An audiotape aired by Al Jazeera is said to be of Osama bin Laden threatens French troops held hostage by the al Qaeda network. The recording of bin Laden threatening France being authenticated as being from him by intelligence experts as al Qaeda holding seven French hostages, two in Afghanistan and five in Niger. Osama Bin Laden, the terrorist, has been on the FBI most wanted list since 1999 along with other fugitives. This new threat against France comes the same week that a report from The Pearl Project confirms that Khalid Sheik Mohammed beheaded Daniel Pearl, a reporter from the Wall Street Journal, killed in 2002. French President Nicolas Sarkozy met with officials from the Foreign Ministry to discuss the new threats.

osama bin laden threatens French troops
Osama Bin Laden Threatens French Troops. Image Source:

The message on the audiotape demands that France remove it’s troops from Afghanistan. For the past several months, there has been increased ‘chatter’ about al Qaeda launching an attack against France, as well as other European nations. In the past two months, police raids have arrested about two dozen suspected terrorists in Europe, including many in Sweden and the UK. On several occasions, major French landmarks, such as the Eiffel Tower and Notre Dame cathedral were closed. Police and military presence in Paris and other cities has been higher.

A number of terror plots have been disrupted which were aimed at the United States, too. The tactics employed by al Qaeda seem to be varying. Large, ‘spectacular’ attack plots are being replaced by less ambitious, but still deadly ones. Increased turmoil in Pakistan, where Bin Laden is believed to be hiding, may also be directly related to al Qaeda operations.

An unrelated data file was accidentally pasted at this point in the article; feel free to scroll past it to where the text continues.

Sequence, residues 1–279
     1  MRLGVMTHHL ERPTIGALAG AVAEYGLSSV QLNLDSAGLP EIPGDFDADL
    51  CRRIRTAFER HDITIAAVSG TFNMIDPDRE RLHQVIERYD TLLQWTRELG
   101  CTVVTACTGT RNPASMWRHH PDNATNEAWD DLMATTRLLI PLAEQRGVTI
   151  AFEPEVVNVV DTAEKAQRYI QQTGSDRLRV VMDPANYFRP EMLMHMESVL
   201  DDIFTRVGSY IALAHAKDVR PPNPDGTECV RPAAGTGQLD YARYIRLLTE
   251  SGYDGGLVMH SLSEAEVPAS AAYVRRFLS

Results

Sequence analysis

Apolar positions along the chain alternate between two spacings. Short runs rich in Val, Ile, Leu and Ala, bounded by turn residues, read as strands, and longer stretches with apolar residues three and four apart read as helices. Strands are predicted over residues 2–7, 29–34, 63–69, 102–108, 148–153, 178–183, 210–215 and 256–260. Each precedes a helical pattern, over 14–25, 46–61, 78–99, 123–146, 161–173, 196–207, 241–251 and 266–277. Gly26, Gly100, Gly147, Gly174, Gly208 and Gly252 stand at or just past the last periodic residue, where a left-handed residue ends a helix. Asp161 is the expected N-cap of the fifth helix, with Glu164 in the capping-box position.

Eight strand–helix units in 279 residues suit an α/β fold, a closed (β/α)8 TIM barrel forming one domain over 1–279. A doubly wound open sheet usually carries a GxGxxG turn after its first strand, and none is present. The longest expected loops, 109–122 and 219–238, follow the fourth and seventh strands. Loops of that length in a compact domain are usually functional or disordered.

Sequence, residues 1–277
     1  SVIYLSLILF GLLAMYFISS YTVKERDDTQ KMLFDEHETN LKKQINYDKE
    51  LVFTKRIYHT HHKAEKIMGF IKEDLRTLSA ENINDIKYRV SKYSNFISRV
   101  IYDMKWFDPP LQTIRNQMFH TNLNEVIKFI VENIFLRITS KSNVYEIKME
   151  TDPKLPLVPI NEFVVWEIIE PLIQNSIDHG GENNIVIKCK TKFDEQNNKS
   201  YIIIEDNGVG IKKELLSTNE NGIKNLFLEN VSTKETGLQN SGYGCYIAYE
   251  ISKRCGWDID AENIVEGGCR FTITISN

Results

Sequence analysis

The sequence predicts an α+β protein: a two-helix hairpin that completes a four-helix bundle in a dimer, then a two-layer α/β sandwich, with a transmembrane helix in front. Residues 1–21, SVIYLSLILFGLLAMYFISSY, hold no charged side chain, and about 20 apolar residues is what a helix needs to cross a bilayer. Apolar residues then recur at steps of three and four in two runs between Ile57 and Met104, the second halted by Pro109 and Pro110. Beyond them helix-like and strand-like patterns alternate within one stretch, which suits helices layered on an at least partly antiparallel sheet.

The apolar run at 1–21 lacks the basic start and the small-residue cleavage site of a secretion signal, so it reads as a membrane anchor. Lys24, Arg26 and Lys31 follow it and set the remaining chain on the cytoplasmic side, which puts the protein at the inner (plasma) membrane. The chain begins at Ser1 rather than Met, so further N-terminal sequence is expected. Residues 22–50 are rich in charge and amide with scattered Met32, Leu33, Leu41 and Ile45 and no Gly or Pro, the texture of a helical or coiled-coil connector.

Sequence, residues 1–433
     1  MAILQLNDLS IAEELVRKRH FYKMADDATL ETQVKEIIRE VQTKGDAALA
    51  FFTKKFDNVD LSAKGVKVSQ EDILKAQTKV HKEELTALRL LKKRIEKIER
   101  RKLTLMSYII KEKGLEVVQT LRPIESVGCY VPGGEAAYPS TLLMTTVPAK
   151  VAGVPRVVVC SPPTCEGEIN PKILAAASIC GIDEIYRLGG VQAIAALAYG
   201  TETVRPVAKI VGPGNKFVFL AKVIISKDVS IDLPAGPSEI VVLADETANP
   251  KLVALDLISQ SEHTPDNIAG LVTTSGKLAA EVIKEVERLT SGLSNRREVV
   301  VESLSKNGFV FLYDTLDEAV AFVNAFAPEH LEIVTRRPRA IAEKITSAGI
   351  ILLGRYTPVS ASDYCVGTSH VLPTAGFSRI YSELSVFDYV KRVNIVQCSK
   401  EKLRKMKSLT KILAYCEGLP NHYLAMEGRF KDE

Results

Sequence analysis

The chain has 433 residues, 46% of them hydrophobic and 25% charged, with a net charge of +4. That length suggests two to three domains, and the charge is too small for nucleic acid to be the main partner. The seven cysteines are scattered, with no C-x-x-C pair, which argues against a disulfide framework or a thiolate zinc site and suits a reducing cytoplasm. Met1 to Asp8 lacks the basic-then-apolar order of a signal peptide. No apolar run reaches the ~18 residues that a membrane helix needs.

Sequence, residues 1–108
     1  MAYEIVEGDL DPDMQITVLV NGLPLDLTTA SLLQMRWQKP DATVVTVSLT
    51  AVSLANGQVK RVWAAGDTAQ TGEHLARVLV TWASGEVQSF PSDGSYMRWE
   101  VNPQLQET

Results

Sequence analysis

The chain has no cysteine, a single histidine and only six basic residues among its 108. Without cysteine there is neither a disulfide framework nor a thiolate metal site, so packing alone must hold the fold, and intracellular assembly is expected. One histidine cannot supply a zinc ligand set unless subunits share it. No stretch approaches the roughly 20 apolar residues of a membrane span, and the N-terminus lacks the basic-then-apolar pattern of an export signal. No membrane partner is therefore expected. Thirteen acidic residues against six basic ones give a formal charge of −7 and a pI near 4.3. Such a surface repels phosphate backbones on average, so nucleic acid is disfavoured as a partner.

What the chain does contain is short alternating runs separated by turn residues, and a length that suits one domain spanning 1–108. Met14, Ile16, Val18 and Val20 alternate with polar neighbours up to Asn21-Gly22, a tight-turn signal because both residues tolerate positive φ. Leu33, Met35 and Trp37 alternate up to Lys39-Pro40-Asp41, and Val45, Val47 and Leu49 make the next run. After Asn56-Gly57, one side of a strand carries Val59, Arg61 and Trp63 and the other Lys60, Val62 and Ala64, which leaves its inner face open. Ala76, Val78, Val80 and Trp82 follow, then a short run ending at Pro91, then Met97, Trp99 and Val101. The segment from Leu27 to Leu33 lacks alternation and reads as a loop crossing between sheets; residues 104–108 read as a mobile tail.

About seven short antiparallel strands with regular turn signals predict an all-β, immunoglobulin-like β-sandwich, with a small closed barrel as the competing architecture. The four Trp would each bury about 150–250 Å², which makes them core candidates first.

The new audiotape where Osama Bin laden threatens French troops was aired by the Islamic news service, Al Jazeera. Specific threats against seven French hostages being held by affiliates of the al Qaeda terrorist network demand that France pulls out of the military coalition in Afghanistan. No official statement in response has been made as of yet by President Nicolas Sarzoky or by the French Foreign Ministry. Increased ‘chatter’ of attacks in Europe which led to numerous arrests recently may only be part of the picture. Recent unrest in some nations of the Sahara Desert, like Tunisia, may have support of al Qaeda. In Gaza, a French Foreign Minister was attacked after suggesting that an Israeli soldier being held by Palestinians should be allowed a visit by the Red Cross.

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